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The European Parliament approves new guidelines on the right to repair – IT Pro – News

Oh, my God,

Of course, the most important thing that isn't really talked about is “affordable” repairs.

It's good that you are “allowed” to replace the ball bearings in your washing machine, for example, but if it is in a stuck tub, you will have to replace not only the ball bearings and the seal (20-50 euros in parts), but the entire tub with the drum!!!! (average 400-600 euros at Bosch/Siemens, 800-1000 euros at Miele!!!!!!!!)

They should ensure that you can “easily” replace only the necessary part, and this should also be “affordable” and preferably a “standard” part.

Example of drain pumps Almost all brands of washing machines have pumps from the manufacturer ASKOLL, one for Siemens, for example, costs 20 euros, and the same pump for Miele costs, for example, 100 euros, the only difference is a different connector or installation location Different!!

Another pathetic example of reduced quality;

Previously in the washer, the three valves (spray directly into soap dispenser in the correct channel, prewash, main wash, and fabric softener) had no problems, and occasionally there was a broken part, and they were replaced quickly and inexpensively.
After a while, two additional valves are used, to spray the fabric softener into the container, then they come together and spray the jets on each other to take an angle, the result is, after 5-15 years of problems, a little limescale comes into one valve and then the angle is no longer Good, sprayed next to it, a quicker repair is unnecessary, just so the manufacturer can provide one valve.
Today (eg Milly), 1!!! The valve, then an electric motor with an electronic control unit (yes actually in the soap dish with all that water) and the motor turns to where the valve will be sprayed.
Result, defect within 5-10 years, but not only the valve, no, the entire upper part of the soap dish must be replaced, at a cost of 150-250 euros!!!!!!!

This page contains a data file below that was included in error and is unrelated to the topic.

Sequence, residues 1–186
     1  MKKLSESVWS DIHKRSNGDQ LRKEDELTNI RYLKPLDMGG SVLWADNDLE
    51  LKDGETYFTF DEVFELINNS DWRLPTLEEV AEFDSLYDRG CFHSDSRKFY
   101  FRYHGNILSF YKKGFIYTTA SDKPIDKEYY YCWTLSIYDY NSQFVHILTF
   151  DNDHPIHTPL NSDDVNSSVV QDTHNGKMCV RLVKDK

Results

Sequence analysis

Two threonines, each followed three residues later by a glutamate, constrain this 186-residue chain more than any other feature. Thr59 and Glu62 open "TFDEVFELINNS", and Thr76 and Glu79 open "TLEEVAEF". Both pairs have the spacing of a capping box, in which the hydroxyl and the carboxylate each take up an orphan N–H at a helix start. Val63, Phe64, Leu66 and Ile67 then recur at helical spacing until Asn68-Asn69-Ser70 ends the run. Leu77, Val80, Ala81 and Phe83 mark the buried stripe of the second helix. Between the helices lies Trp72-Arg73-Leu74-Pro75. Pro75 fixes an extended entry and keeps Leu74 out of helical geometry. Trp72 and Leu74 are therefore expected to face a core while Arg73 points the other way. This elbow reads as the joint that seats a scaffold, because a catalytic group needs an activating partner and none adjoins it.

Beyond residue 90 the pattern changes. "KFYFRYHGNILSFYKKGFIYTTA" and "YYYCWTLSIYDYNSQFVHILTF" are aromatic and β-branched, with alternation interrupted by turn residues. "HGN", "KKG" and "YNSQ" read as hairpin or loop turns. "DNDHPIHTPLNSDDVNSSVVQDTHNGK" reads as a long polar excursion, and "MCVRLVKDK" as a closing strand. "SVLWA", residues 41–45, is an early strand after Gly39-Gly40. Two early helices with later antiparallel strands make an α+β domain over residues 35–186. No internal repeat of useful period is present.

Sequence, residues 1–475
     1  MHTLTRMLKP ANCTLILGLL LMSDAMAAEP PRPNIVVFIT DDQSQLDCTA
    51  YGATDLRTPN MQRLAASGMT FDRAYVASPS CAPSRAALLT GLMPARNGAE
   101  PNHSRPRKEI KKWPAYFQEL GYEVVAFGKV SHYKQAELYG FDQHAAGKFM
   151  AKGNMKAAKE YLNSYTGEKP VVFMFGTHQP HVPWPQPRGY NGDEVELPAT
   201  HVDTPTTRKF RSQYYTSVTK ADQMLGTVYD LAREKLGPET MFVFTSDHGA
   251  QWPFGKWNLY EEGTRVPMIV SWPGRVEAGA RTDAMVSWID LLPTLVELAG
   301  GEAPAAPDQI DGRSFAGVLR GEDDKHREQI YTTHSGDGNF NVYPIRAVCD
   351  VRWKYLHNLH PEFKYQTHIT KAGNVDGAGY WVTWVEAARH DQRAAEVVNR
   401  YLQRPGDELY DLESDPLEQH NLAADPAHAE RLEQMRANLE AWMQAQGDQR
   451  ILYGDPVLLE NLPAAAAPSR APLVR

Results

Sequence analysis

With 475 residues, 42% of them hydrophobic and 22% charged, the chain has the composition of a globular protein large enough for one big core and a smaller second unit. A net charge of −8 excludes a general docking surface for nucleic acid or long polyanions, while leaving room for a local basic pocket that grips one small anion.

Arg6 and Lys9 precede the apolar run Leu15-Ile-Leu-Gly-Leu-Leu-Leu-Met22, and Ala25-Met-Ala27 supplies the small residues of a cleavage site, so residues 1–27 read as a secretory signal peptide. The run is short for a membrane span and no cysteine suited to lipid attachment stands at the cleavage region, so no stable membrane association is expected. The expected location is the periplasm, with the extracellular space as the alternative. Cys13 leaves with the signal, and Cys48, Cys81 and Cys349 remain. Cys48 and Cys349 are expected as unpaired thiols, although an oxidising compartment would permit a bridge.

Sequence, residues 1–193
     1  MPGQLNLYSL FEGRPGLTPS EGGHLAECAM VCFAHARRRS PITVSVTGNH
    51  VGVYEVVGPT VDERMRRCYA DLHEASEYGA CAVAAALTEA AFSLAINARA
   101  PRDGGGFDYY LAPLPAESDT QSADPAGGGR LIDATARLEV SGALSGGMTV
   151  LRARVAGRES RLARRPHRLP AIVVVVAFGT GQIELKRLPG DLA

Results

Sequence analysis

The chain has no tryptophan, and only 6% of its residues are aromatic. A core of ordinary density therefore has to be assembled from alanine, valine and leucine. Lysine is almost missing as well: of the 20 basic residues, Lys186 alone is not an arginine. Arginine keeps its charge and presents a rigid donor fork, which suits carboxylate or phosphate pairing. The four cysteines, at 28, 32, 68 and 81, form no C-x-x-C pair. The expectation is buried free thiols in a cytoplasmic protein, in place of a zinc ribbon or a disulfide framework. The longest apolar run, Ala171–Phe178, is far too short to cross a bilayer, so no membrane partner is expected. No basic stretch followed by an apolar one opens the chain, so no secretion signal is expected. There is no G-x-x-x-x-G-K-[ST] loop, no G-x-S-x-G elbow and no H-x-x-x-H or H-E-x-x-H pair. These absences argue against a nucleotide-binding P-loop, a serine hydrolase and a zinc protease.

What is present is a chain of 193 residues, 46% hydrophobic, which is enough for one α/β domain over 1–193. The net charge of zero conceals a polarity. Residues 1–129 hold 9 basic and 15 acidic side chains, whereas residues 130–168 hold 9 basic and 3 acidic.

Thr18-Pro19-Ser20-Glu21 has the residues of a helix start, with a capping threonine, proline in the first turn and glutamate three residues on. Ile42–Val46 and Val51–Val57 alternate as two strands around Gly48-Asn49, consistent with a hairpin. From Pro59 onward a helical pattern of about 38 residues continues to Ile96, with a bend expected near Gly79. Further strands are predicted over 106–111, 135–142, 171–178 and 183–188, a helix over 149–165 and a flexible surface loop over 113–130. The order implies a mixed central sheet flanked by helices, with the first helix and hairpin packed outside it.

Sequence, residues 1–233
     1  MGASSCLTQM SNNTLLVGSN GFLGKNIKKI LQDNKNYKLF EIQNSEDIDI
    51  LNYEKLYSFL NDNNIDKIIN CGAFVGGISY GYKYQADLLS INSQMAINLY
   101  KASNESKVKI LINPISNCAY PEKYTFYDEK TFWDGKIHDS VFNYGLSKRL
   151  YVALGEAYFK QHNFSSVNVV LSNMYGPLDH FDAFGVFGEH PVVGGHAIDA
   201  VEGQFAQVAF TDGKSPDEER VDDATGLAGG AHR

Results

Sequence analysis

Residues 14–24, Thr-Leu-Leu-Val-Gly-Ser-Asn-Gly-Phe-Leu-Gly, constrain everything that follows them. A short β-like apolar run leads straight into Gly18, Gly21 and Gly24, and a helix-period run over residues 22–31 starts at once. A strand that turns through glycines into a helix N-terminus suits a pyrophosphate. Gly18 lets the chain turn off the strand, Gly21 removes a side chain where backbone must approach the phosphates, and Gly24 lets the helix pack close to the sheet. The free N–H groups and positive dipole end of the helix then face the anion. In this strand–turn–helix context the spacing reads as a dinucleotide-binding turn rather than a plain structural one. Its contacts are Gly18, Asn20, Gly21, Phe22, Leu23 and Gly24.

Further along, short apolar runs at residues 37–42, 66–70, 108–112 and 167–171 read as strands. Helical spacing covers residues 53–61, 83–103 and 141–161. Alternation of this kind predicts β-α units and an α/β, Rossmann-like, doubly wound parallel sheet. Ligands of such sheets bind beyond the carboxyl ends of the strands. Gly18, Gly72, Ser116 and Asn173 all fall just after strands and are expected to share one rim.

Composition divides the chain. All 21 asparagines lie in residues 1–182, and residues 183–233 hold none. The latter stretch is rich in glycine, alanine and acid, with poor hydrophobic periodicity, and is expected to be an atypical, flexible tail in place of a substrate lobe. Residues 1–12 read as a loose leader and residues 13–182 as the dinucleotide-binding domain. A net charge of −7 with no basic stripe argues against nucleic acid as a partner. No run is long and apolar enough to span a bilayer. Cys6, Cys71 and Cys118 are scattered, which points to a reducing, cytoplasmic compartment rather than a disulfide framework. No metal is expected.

The same, in my opinion, very stupid energy labels in Europe,
I am in favor of lower consumption of course, but not if this detracts from the quality and especially the lifespan of the devices.

Example refrigerators and freezers;

Previously, for example, a 60-watt compressor had no problems and lasted on average 30 years or more. If it breaks, put in a new compressor (costs between 50 and 100 euros) and we can continue for another time. 30 years.

Now, the compressor consumes only 20 watts on average, the power is controlled by an electronic unit with a fan, as a result, if you do not regularly remove dust from the back of the refrigerator / freezer, you may have problems after 5 years, the defective unit, costs In some cases 200-400 euros!!! If you remove dust regularly, it can take 10 to 15 years for a weak compressor to die.

Which is better, a fridge/freezer that will do its job for 20-30 years, and yes, that will consume 100-200 kWh more in a year, or a fridge/freezer that is more expensive to buy initially, which one? It consumes 100-200 kWh less, but can you replace it after 5-10 years max? So two to three times as many devices were produced (requiring a lot of energy), transported from China (by steamship on dirty oil) and then the extra devices recycled (with some luck here, with some bad luck, back on the boat and in Somewhere in China/India burned to extract minerals!!!)

Which option is better for the environment??

But above all, which of these two options is the most interesting for the manufacturers' lobby?? , sell, sell, then put “environmentally beneficial” sauce on it. :)

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